How To Keep Memories Alive With Christmas Luminaria

Nov 30, 2016 | 0 comments

luminariaWhile the holiday season brings many people joy, it’s a stressful time for those mourning the loss of loved ones. But families can keep precious memories alive and celebrate with Christmas Eve luminaria.

Here in the American Southwest, there’s a tradition of visiting the graves of loved ones on Christmas Eve. In Catholic cemeteries, the night of December 24 is the busiest time of the year for visitors, rivaling even Memorial Day.

Graves are decorated with lights of varying types. The most simple and beautiful lights are created by lunch sack-sized paper bags with sand weighting the bottom and anchoring a single votive candle. When hundreds of graves are lined with thousands of luminarias, the result is a peaceful, glowing field of love.

After visiting the cemetery and remembering loved ones no longer here on earth, favorite foods to feast upon at home include tamales, posole, biscochitos, and red or green chile (in New Mexico, we spell it chile, not chili). Some people will even bring food to the cemetery to eat and drink while visiting loved ones’ graves.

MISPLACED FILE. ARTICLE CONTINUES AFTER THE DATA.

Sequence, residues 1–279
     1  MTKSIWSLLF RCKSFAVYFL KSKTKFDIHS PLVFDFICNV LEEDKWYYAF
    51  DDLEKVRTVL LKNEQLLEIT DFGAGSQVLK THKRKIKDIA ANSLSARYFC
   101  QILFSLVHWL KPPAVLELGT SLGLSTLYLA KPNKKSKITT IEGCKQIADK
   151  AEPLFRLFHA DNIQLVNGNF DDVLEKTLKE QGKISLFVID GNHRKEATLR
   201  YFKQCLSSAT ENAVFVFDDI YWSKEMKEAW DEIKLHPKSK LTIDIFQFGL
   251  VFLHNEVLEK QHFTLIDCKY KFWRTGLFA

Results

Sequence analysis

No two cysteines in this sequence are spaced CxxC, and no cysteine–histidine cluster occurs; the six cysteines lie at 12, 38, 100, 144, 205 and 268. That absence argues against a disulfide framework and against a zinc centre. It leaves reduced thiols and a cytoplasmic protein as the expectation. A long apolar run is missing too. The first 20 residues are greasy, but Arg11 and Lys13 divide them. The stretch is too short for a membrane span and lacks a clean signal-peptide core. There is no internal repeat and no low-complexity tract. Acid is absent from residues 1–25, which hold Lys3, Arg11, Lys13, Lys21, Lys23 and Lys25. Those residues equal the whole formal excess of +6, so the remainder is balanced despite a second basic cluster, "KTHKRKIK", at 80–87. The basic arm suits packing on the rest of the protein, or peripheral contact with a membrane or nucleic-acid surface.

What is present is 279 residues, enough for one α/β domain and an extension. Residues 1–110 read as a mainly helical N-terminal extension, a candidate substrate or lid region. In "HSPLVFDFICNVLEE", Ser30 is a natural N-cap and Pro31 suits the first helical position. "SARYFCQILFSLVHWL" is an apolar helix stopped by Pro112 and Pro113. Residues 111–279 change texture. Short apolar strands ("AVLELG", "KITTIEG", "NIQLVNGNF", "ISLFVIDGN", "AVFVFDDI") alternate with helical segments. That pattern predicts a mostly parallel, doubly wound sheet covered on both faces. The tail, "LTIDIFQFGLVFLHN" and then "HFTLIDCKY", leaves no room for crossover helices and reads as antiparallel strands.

Christmas Luminaria Mortality Minute

Catholic cemeteries in other parts of the country may not experience the kind of traffic that Southwestern Hispanic families bring on Christmas Eve. If setting up a display in your local cemetery would cause an issue in your area of the country, bring this celebration home. Consider adding a luminaria display in your yard to honor and remember loved ones who have died.

However you celebrate, wishing you and yours a warm and loving holiday.

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From an earlier Christmas Eve cemetery visit, here’s an example of one family that pulled out all the stops with their decorations – a small tree, an illuminated snowman and recorded music.

Jingle Bell Grave

Here’s a video that shows the scope of the luminaria display in the Mount Calvary Cemetery in Albuquerque, NM. The poem recited is “Winter Solstice” by Isaac C. Eastvold, copyright 2009, used with permission.

Christmas Eve Mt. Calvary Cemetery 2011
A Good Goodbye